Osprey 1, LLC v. January, Inc., et al.,, No. 3:2017cv06620 - Document 25 (N.D. Cal. 2018)

Court Description: ORDER GRANTING IN PART AND DENYING IN PART DEFENDANTS' MOTION TO DISMISS by Judge William Alsup [granting in part and denying in part 10 Motion to Dismiss]. Plaintiff has until 3/8/2018 to seek leave to amend complaint. (whasec, COURT STAFF) (Filed on 2/15/2018)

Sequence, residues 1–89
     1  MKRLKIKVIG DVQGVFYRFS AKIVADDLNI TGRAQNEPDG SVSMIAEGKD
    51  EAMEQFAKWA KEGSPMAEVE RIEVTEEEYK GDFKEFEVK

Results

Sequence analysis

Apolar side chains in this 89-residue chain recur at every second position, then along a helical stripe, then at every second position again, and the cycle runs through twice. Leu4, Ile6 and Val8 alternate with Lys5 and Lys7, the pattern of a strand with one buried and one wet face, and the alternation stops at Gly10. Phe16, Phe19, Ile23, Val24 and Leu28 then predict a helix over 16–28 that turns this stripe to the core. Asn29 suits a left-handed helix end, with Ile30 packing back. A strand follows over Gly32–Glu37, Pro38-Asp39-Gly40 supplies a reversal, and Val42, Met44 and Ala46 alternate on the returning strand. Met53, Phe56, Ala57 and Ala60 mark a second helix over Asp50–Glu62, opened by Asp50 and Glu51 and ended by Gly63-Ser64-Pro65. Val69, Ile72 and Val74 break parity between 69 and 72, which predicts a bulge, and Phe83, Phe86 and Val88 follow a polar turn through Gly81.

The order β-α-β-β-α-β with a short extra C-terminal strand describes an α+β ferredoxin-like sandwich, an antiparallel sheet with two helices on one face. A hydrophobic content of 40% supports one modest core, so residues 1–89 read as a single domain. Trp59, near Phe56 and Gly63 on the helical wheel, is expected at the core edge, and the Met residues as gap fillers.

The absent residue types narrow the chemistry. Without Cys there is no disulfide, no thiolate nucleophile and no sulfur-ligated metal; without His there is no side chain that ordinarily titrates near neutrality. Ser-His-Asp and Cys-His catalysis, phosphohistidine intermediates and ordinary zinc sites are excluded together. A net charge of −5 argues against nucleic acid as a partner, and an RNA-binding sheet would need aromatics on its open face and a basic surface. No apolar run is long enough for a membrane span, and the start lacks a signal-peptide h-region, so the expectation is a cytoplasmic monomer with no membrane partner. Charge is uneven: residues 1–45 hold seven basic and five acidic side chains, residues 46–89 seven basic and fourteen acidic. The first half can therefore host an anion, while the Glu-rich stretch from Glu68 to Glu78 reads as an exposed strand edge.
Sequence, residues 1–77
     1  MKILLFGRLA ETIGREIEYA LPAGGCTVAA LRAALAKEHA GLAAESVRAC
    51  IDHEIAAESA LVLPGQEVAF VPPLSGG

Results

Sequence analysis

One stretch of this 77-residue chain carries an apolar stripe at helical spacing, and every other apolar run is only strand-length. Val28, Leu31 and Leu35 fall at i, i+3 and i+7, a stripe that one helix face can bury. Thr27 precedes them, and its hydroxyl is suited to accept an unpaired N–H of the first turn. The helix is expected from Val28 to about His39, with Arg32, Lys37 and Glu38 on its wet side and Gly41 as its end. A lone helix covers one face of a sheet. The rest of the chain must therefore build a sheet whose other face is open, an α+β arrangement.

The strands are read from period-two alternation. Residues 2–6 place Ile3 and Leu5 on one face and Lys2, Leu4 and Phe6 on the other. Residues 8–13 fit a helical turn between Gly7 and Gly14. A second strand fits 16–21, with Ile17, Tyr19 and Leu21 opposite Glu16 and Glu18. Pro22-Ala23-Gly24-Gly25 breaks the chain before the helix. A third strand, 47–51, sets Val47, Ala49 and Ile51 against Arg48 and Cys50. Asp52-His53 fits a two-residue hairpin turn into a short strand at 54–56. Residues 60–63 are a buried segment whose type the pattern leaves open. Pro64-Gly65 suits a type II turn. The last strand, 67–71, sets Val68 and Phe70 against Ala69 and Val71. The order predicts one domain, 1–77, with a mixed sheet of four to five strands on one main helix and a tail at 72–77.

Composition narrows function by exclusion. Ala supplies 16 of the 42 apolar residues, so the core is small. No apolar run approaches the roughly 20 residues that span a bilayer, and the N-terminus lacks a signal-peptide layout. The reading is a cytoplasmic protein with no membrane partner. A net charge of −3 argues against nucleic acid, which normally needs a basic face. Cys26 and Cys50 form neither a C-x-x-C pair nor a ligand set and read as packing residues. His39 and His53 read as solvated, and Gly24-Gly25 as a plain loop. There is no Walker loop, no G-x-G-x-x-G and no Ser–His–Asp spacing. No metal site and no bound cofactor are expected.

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Osprey 1, LLC v. January, Inc., et al., Doc. 25 1 2 3 4 5 6 IN THE UNITED STATES DISTRICT COURT 7 FOR THE NORTHERN DISTRICT OF CALIFORNIA 8 9 OSPREY 1 LLC, 11 For the Northern District of California United States District Court 10 12 13 14 15 Plaintiff, No. C 17-06620 WHA v. JANUARY, INC.; NOOSHEEN HASHEMI; and DOES 1 through 10, ORDER GRANTING IN PART AND DENYING IN PART DEFENDANTS’ MOTION TO DISMISS Defendants. / 16 INTRODUCTION 17 18 In this contract dispute, defendants move to dismiss or stay all claims in the complaint 19 on the grounds that plaintiff, a Nevada LLC, lacks the capacity to sue in California. For the 20 reasons stated herein this motion is DENIED. Defendants also move to dismiss plaintiff’s 21 promissory fraud claim for failure to comply with FRCP 9(b)’s pleading requirements. 22 This motion is GRANTED. 23 24 STATEMENT The following is taken from the well-pled allegations of the complaint. Osprey 1 LLC 25 is a recruiting firm that performs nationwide executive searches and has clients in multiple 26 states (Dkt. No. 1). Osprey recruits, interviews, and presents candidates for positions that its 27 clients seek to fill (id. ¶ 8). Osprey formed under the laws of Nevada and its sole member, 28 Stephen Wachter, resides in Park City, Utah (id. ¶ 1). Wachter’s declaration represents that Dockets.Justia.com 1 the nature of his business enables him to perform his recruiting services from anywhere with 2 internet and cell phone service. As a result, he performs his services from anywhere he travels 3 to, but does the majority of his work from his residence in Park City, Utah (Dkt. No. 15-1). 4 On May 1, 2017, Noosheen Hashemi, the founder and CEO of a health start-up called 5 January, Inc., contacted Wachter to recruit candidates for executive positions at January (Dkt. 6 No. 1 at ¶ 10). On May 12, 2017, Wachter met with Hashemi at her home office in Atherton, 7 California, where they discussed two executive positions she was looking to fill for January 8 (id. ¶ 12). According to the complaint, the parties entered into an oral contract that Osprey 9 would recruit candidates for two positions at January — chief technology officer and chief product officer — in exchange for a $55,000 recruiting fee per filled position. The terms of the 11 For the Northern District of California United States District Court 10 agreement provided that $25,000 of the $55,000 fee would be paid up-front as “retainer to 12 initiate work” and the remaining $30,000 would be payable when a candidate signed an 13 employment contract with January. Hashemi also agreed to give Osprey a $2500 travel budget 14 per position for interviewing candidates (id. ¶ 12). 15 Also on May 12, 2017, Osprey sent Hashemi written contracts and invoices back-dated 16 to May 10, embodying the terms and conditions they had agreed to earlier for the CTO and 17 CPO positions (id. ¶ 14). On May 17, Hashemi signed the written contract for the CTO position 18 and paid the $25,000 retainer. Hashemi did not sign a written contract or pay a retainer for the 19 CPO position. 20 Hashemi eventually asked Osprey to search for two more positions identified in the 21 complaint as “E&G” and “U&X Design.” Hashemi did not sign a written contract or pay a 22 retainer for either position. Nevertheless, the complaint alleges that Osprey searched for all 23 four positions between May and September (id. ¶ 15). Hashemi had already paid the retainer 24 for the CTO position. The complaint alleges, therefore, that Osprey was also entitled to the 25 retainers for the CPO, UX Design, and E&G positions — totaling $75,000. 26 On July 31, 2017, Jane Doe I, a candidate which Osprey presented to January, accepted 27 a job offer for the E&G position (id. ¶ 16). Osprey contacted Hashemi to collect $55,000 28 placement fee for that position. When Hashemi explained that she could not afford to pay 2 1 $55,000, Osprey agreed to a $5,000 discount for each of the four positions if Hashemi promptly 2 paid $50,000 for the E&G position (id. ¶ 17; see Dkt. No. 1-7 (updated invoice reflecting 3 discount)). 4 Thereafter, Osprey continued to search and present candidates for January’s remaining informed Osprey that, between the previously-paid $25,000 retainer for the CTO contract and 7 the new $25,000 payment, she considered the fee for the E&G position to be paid in full (id. 8 ¶ 23–24). Osprey, however, rejected this reasoning as improper intermingling of separate 9 payments on separate invoices. Osprey further argues that, because Hashemi did not satisfy 10 the condition of the $5000 discount, it now owes Osprey $30,000 (not $25,000) for the E&G 11 For the Northern District of California three positions (id. ¶ 19). On August 30, 2017, Hashemi paid $25,000 on the E&G invoice and 6 United States District Court 5 position. Additionally, the complaint alleges Osprey is entitled to $25,000 for the CPO retainer, 12 $25,000 for the UX Design retainer, and $1,512 for two trips to California to interview 13 candidates. 14 In sum, Osprey failed to deliver an acceptable candidate on three out of the four 15 positions, yet demands compensation for the three failures. Osprey has no written contract 16 on three out of four positions. The one written contract (for the unfilled CTO position) is not 17 signed by both sides. Hashemi paid for the one position on which Osprey succeeded except for 18 a dispute over $5,000 for not paying in time. 19 Osprey came to California and this district to commence this action on November 16, 20 2017, alleging (1) breach of written contract (2) breach of oral contract (3) breach of implied 21 contract (4) quantum meruit (5) open book account (6) account stated (7) false promise and 22 (8) promissory estoppel (id. ¶ 27–74). ANALYSIS 23 24 1. FALSE PROMISE CLAIM FOR RELIEF 25 In its seventh claim for relief, Osprey alleges that Hashemi falsely promised that it 26 would make payments for each position. Osprey’s promissory fraud claim is subject to FRCP 27 9(b)’s particularity requirement. Vess v. Ciba–Geigy Corp. USA, 317 F.3d 1097, 1103 (9th Cir. 28 2003). FRCP 9(b) states that “[i]n alleging fraud or mistake, a party must state with 3 1 particularity the circumstances constituting fraud or mistake. Malice, intent, knowledge, and 2 other conditions of a person’s mind may be alleged generally.” Our court of appeals has 3 interpreted FRCP 9(b) to require that a plaintiff state the “who, what, when, where, and how of 4 the misconduct charged” as well as “what is false or misleading about a statement, and why it is 5 false.” Ebeid ex rel. U.S. v. Lungwitz, 616 F.3d 993, 998 (9th Cir. 2010) (internal quotation 6 marks and citation omitted). Plaintiff must state “ ‘more than the neutral facts necessary to 7 identify the transaction.’ ” Kearns v. Ford Motors Co., 567 F.3d 1120, 1124 (9th Cir. 2009) 8 (quoting In re GlenFed, Inc. Sec. Litig., 42 F.3d 1541, 1548 (9th Cir. 1994), superseded by 9 statute on other ground) (emphasis in original). Osprey has failed to satisfy FRCP 9(b)’s heightened pleading standard. Osprey provides 11 For the Northern District of California United States District Court 10 no evidence or support for its blanket statement that “Hashemi did not intend to perform these 12 promises when promises were made.” (Dkt. No. 1 ¶ 63). A conclusory allegation falls short of 13 the requirement under FRCP 9(b). The complaint merely offers the following limited 14 description of the alleged false promises (id. ¶ 62): 15 16 17 18 19 During the period on or about May 1, 2017 through September 2017, Defendant, Noosheen Hashemi made false promises to Plaintiff that Defendant January, Inc., would pay Plaintiff’s Payment terms for Plaintiff’s Services for each position, which promises were renewed or impliedly reaffirmed each time Defendant requested Plaintiff’ Services for a position and each time Defendant accepted a submission of a candidate from Plaintiff, and which promises constitute an express and/or implied representation and promise of payment. 20 This paragraph does not sufficiently state the “who, what, when, where, and how” of the 21 alleged false promises. The complaint fails to identify specific promises that were made, where 22 they were made, and why they were false. Osprey does not provide concrete facts regarding 23 when these alleged false promises were made, other than alleging they occurred between May 24 and September. In particular, the complaint has not pled any facts to illuminate how and when 25 the parties first discussed the E&G and UX Design positions, yet alone any facts regarding false 26 promises in connection with those two positions. 27 Moreover, Osprey’s allegations that Hashemi’s promises were false because she never 28 intended to pay are undermined by the complaint itself. For instance, the complaint states that 4 1 Hashemi paid $25,000 in connection with the CTO position, and another $25,000 in connection 2 with the E&G position. At the minimum, these two payments negate Osprey’s contention that 3 Hashemi never intended to pay with respect to at least two promises. 4 Given that the complaint merely alleges that “Hashemi made false promises” without 5 specifying the manner or frequency, the defendants are not given “fair notice of the particular 6 misconduct which is alleged to constitute the fraud” that FRCP 9(b) requires. Bly-Magee v. Cal., 7 236 F. 3d 1014, 1019 (9th Cir. 2001). 8 Because failure to comply with FRCP 9(b)’s pleading requirements is sufficient to argument that there is no legal basis for the complaint’s allegation of “implied” fraudulent 11 For the Northern District of California dismiss Osprey’s promissory fraud claim, this order does not address defendants’ further 10 United States District Court 9 misrepresentation. 12 2. 13 Defendants move to dismiss or stay all claims in Osprey’s complaint pursuant to 14 OSPREY’S CAPACITY TO MAINTAIN THIS ACTION FRCP 12(b)(6), on the grounds that Osprey does not have the capacity to maintain this action. 15 Defendants argue that Osprey, a Nevada limited liability company, is barred from 16 maintaining this action because it does not have a certificate of qualification to transact intrastate 17 business as required by California Corporation Code Section 17708.07(a). Section 17708.07(a) 18 provides that “[a] foreign limited liability company transacting intrastate business in this state 19 shall not maintain an action or proceeding in this state unless it has a certificate of registration 20 to transact intrastate business in this state.” CAL. CORP. CODE § 17708.07(a). The California 21 legislature has defined “transacting intrastate business” as “enter[ing] into repeated and 22 successive transactions of business in this state, other than in interstate and foreign commerce[.]” 23 id. § 17708.03(a); see also, § 191(a). The defendant, as the moving party, bears the burden of 24 proving (1) the action arises out of plaintiff’s transaction of intrastate business; and (2) the action 25 was commenced prior to plaintiff qualifying to transact intrastate business. United Med. Mgmt. 26 Ltd. v. Gatto, 48 Cal. App. 4th 1732, 1740 (1996)). 27 28 5 1 Given that Osprey concedes it does not have a certificate of qualification, the issue 2 presented is whether defendants have carried their burden to show Osprey’s claims arose out of 3 the transaction of intrastate business, and was therefore required to register in California. 4 There are issues of fact that need to be resolved through discovery before the issue of 5 whether or not Osprey transacted intrastate business within the meaning of Section 17708.07(a) 6 can be reached. For instance, Osprey’s contracts and invoices show a California address at 7 “6950 Almaden Expy, Ste. 122, San Jose, CA.” Defendants argue that this is the address to 8 Osprey’s office in California. Wachter’s declaration, however, denies that allegation and 9 contends that the address is a “mailbox.” On its face, this address does not look like a “mailbox” 11 For the Northern District of California United States District Court 10 and it appears that Osprey may be misrepresenting its activities within California. Moreover, neither side has supplied facts to show where the purported contracts required 12 acceptance to become binding. Such facts are of paramount importance given the significance 13 that both statutory authority and court decisions place on where a contract requires acceptance in 14 determining whether a foreign company transacted intrastate business. Taking the signed written 15 contract as an example, it is unclear whether that document conferred power of acceptance on 16 Hashemi upon her signature in California, or whether final acceptance remained with Osprey 17 in Utah. Importantly, the signed contract attached to the complaint is only signed by Hashemi 18 (see Dkt. No. 1-1). Yet, Wachter’s declaration alleges that he “executed” and “signed” the 19 contract in question outside of California (Dkt No. 15-1 at 2). It is not clear, therefore, where the 20 alleged contracts required acceptance to become binding. 21 In light of the mentioned inconsistencies in the record, this order reserves decision on 22 this issue at summary judgment (or potentially at trial) where the truth of Osprey’s activities in 23 California will be illuminated. For the foregoing reasons defendants’ motion to dismiss or stay 24 all claims is DENIED. 25 3. DEFENDANTS’ FAILURE TO ATTACH A PROPOSED ORDER 26 In its opposition, Osprey argues that defendants’ motion to dismiss should be denied 27 for failure to attach a proposed order as required under Civil Local Rule 7.2(c). Defendants, 28 however, corrected their mistake by including their proposed order in their reply brief. 6 1 Accordingly, the undersigned judge excuses defendants’ mistake and allows the motion to 2 proceed. 3 4 CONCLUSION For the foregoing reasons, defendants’ motion to dismiss or stay all claims asserted in 5 the complaint on the ground that plaintiff lacks the capacity to maintain this suit is DENIED. 6 Defendants’ motion to dismiss plaintiff’s promissory fraud claim is GRANTED. 7 Plaintiff may seek leave to amend the complaint and will have TWENTY–ONE CALENDER 8 DAYS from 9 to file an amended complaint. A proposed amended complaint must be appended to the motion. the date of this order to file a motion, noticed on the normal 35–day track, for leave The motion should clearly explain how the amendments to the complaint cure the deficiencies 11 For the Northern District of California United States District Court 10 identified herein. 12 13 IT IS SO ORDERED. 14 15 Dated: February 15, 2018. WILLIAM ALSUP UNITED STATES DISTRICT JUDGE 16 17 18 19 20 21 22 23 24 25 26 27 28 7